Kevin Wiehrs is a nurse in Savannah, Ga. But instead of giving patients shots or taking blood pressure readings, his job is mostly talking with patients like Susan Johnson.
Sarah McCammon/Georgia Public Broadcasting
Kevin Wierhs and Susan Johnson confer about what works and what doesn't in managing diabetes.
Sarah McCammon/Georgia Public Broadcasting
Johnson, 63, is a retired restaurant cook who receives Medicare and Medicaid. She has diabetes, and has already met with her doctor. Afterward, Wiehrs spends another half-hour with Johnson, talking through her medication, exercise and diet.
"So it sounds like you cut back on your sweets, things that have a lot of sugars in them. What about vegetables, your portions of food?" Wiehrs asks Johnson. "Have you made any changes with that?"
"A little bit," Johnson says. "Ain't gonna lie — a little bit."
Wierhs, 51, was a hospice nurse for 15 years and a social worker before that. Now he is one of five new care coordinators at Memorial Health, a medical system based in Savannah. He was hired to pay special attention to patients with poorly controlled chronic conditions like diabetes and heart disease.
"Some of these patients have fought with their diabetes for many years and get very complacent with the whole situation and feel that, 'No matter what I do, it's not going to make a difference,' " he says. "But it does."
It's hard to persuade people to change, Wiehrs says. And patients are sometimes skeptical about his role in their care. He says they often approach him and say, "I've been coming to this office before; I've seen these physicians. And now you're somebody new. What are you doing, and why do you want to talk to me?"
Getting these patients to trust Wiehrs is an important part of the hospital's strategy for dealing with rising costs. Memorial is investing $500,000 a year in care coordination, in the belief that the program will save money in the long run and improve the quality of care.
Memorial CEO Maggie Gill wants Wiehrs to teach patients to care for themselves.
By improving the management of medical conditions outside the hospital, Gill says, "you can help people prevent crises from happening."
She says Memorial provides about $30 million in free care each year. Because Georgia is not among the states that have chosen to expand Medicaid under the Affordable Care Act, the hospital is going to continue to give a lot of free care to people who have low income and are uninsured, Gill says. On top of that, Medicare is penalizing hospitals (via lower reimbursements) when patients have to be admitted repeatedly for some specific conditions. Gill hopes Wiehrs can prevent some of those repeat visits.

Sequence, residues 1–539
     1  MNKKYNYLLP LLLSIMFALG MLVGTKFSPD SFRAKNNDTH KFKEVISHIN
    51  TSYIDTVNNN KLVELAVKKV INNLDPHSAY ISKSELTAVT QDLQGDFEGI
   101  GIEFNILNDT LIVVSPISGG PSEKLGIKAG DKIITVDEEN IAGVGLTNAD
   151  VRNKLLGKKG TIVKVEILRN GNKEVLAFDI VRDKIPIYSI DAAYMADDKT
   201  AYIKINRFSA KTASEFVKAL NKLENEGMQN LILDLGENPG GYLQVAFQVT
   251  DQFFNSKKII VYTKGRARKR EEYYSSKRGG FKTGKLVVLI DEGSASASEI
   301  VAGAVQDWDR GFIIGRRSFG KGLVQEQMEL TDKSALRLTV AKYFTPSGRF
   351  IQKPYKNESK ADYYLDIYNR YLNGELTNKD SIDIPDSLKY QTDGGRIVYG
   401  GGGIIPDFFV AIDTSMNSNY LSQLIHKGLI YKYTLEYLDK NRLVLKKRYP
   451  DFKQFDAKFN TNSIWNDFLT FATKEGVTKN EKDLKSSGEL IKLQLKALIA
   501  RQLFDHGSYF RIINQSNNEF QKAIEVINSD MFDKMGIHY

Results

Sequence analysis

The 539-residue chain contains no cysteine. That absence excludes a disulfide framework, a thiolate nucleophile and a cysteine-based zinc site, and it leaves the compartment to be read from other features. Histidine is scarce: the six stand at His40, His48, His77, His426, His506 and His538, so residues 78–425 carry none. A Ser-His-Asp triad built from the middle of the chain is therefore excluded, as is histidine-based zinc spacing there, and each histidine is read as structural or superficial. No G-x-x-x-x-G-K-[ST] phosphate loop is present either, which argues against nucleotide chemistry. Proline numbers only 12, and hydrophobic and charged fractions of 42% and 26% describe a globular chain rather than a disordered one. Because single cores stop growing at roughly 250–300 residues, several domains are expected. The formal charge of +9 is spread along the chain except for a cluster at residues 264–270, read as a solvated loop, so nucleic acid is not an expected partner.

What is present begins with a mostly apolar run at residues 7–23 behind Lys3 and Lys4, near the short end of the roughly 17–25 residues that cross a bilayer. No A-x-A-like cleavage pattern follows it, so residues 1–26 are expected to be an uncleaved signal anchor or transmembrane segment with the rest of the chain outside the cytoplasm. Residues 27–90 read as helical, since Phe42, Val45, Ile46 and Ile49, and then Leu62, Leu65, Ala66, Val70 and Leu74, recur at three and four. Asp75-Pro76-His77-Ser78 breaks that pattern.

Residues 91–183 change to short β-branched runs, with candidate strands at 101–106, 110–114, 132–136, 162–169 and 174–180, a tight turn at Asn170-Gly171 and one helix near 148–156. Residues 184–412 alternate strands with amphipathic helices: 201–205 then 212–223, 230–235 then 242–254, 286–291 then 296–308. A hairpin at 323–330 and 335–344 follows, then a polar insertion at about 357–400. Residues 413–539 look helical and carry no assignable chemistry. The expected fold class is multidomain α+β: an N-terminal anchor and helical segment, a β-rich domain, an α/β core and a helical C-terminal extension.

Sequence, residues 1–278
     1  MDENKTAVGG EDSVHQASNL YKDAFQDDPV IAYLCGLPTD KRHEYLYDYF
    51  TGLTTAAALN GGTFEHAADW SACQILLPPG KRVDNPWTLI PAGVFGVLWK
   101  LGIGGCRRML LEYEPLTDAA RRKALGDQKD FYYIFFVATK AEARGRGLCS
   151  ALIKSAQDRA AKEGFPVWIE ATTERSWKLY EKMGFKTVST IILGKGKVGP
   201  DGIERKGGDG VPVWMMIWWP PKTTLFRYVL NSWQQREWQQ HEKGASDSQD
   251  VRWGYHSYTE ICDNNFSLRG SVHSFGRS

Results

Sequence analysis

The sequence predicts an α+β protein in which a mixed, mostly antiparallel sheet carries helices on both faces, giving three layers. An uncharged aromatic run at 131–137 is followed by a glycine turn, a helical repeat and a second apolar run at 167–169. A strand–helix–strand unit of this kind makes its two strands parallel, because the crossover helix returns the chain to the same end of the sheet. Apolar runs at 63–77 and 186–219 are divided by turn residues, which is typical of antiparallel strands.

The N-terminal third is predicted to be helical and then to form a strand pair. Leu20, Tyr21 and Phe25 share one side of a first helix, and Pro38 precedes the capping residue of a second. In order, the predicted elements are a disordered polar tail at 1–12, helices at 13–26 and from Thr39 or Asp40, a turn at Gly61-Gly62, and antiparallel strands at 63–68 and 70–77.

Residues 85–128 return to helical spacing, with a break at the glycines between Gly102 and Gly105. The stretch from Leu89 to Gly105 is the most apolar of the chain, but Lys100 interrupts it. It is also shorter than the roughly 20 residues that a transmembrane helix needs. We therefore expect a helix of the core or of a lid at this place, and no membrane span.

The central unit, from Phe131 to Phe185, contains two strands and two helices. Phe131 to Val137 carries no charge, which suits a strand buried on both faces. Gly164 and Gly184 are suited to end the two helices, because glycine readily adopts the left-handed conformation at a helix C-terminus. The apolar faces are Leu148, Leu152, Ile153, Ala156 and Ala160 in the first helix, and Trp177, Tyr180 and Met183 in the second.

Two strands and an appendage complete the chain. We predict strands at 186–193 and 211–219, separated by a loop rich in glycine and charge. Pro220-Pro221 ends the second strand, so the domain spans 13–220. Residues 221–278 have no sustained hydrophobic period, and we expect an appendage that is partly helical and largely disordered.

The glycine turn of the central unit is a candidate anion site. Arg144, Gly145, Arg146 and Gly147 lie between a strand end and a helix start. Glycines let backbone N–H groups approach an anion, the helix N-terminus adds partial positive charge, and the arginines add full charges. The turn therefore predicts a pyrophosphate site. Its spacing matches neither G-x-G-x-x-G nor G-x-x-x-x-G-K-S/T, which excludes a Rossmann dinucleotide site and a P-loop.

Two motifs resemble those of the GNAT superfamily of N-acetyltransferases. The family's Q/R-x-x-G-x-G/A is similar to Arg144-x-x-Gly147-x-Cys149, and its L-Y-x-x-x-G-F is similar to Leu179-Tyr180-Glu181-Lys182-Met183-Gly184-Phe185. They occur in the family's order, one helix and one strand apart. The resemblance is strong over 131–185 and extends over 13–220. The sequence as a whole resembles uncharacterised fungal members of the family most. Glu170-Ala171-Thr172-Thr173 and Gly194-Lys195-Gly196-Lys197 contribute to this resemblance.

Gill recalls one Memorial care coordinator who helped with a particularly difficult case — another patient with diabetes who tended to show up in the emergency department two or three times a year. Working with the patient's wife until she felt comfortable measuring her spouse's insulin levels, and comfortable delivering insulin, made a big difference.
"They avoided at least two emergency department visits by having that resource," Gill says.
On a typical day, Wiehrs meets with three or four patients and calls people who have just been released from the hospital.
He says patients end up trusting him. He makes sure they're feeling well, taking their medication and that they know when to come in for a follow-up. Wiehrs gives them his direct phone number so they don't have to hassle with the front office. And for those who can't afford their medications, Wiehrs says, he'll call drug companies or do research online to help find discount drug programs.
"Sometimes you have to get creative and you have to spend the extra time to see what might be available," he says. "That's the benefit of me being a care coordinator and having the experience that I have. I know how to navigate the health care system."
Wiehrs says he's encouraged by the results he's seeing already — like the patient who practically bounded into his office recently, breathing easier thanks to new asthma inhalers.
The hope is that lots of little improvements like that will add up to big savings to the health system — and will improve the health of patients.
This story is part of a reporting partnership that includes Georgia Public Broadcasting, NPR and Kaiser Health News.